The role played by Air need some emphasis. The Syrian response to loss of territory, was to use punitive air power. Relentless bombing of its own countryside led to an unprecedented humanitarian disaster and contributed to destruction of infrastructure. The populace that could not move out as refugees, was exploited. This manifested as hostages; insurance against conflict; bait for humanitarian and medical aid; slavery. The brutal aerial destruction, largely by the Syrian coalition, on its own population, is unprecedented. When the coalition offensives against Daish took off, similarly air power was used with little regard to the consequences on citizenry. Interestingly, in built-up areas, the bombing largely contributed to the prolonged ground battles.

Media coverage of the entire conflict though prolific, was partisan, and denied a comprehensive assessment. Despite several valiant efforts by independent journalist and reporters, the world remained largely oblivious of the existentialist struggle of citizens. So is true of the numerous excesses of this war. While Daish was unequalled in its brutality and barbarism, chlorine gas and other chemical agents were used from the air. Daish, benefitted from an illegal oil and conflict economy, ably supported by the transnational traders and blackmarket. The UN was rendered ineffective. International community efforts could achieve little. It was the humanitarian agencies and the NGOs, who struggled against overpowering odds to serve the beleaguered population. While the US appetite for long distance interventions is well known, it is Russia that emerged as a dominant player, in the expeditionary domain. By seizing the initiative in a complex situation, Russia enhanced its global standing. It was successfully able to pull Turkey away, from NATO priorities. Due to its success, Russia has emerged self-assured.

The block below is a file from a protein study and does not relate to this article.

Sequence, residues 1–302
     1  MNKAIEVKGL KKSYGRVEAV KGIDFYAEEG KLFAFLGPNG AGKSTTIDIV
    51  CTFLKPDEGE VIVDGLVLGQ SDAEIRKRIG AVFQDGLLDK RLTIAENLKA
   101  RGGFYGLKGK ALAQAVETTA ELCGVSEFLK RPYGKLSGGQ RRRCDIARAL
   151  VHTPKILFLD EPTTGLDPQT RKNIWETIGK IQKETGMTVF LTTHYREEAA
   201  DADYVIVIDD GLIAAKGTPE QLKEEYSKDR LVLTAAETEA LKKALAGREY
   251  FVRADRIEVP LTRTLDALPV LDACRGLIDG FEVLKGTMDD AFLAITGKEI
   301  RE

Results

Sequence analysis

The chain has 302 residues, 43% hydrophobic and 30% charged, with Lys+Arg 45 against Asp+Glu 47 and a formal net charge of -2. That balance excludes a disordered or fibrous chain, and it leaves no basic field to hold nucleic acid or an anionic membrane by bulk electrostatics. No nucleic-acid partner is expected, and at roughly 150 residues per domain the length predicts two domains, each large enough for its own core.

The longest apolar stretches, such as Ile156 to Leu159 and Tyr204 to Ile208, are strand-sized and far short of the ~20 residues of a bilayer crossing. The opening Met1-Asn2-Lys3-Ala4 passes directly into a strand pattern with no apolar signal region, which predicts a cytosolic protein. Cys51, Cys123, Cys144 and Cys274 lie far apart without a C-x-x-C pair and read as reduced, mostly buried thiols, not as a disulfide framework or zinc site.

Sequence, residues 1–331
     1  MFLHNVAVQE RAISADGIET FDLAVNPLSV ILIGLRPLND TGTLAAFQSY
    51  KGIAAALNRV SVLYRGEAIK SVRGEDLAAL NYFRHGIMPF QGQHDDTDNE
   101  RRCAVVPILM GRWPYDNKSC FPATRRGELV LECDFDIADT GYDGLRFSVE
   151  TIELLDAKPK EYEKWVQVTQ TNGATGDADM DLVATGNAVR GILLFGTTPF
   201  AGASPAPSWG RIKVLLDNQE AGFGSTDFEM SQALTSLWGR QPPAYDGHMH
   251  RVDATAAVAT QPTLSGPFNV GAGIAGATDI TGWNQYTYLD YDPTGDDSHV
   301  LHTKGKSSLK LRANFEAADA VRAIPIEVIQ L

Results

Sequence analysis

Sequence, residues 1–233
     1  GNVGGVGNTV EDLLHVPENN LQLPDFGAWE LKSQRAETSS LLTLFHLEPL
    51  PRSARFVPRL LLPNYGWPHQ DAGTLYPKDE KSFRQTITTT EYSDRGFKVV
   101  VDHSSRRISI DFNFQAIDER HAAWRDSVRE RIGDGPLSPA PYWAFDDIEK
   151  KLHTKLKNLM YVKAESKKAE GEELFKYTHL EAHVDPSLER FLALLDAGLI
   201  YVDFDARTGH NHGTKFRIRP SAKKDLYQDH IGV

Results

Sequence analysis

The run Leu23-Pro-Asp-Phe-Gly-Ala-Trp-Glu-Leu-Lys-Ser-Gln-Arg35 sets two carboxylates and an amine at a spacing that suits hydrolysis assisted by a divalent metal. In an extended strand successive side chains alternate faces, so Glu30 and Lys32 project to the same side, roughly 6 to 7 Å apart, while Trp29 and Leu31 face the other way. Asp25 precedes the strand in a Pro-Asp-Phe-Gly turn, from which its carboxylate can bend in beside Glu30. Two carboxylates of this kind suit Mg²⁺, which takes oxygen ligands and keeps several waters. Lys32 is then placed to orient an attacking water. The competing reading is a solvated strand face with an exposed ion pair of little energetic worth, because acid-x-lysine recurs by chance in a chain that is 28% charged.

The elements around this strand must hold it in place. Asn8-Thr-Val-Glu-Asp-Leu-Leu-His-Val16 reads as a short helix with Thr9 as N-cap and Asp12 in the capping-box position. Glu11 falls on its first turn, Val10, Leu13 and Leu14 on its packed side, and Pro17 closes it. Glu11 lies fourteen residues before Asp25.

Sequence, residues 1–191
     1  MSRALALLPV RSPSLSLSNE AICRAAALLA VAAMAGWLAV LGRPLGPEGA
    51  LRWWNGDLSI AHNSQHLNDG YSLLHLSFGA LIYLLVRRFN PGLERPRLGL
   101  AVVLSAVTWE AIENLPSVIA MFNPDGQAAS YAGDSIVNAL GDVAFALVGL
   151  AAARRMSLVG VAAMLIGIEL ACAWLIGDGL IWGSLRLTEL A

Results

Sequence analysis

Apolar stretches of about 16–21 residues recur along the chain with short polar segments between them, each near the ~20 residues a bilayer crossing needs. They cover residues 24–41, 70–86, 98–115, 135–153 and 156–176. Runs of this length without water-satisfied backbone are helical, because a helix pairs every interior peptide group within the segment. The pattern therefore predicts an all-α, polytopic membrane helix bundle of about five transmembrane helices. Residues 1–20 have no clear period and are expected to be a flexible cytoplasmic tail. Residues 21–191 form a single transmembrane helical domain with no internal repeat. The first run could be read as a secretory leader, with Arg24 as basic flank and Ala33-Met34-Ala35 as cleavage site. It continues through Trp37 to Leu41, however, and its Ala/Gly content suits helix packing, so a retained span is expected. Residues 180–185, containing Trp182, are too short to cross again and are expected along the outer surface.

Salient Conclusions

Since an overall strategic review, would not be the focus here, let us return to the salient consequences and conclusions of this unique conflict.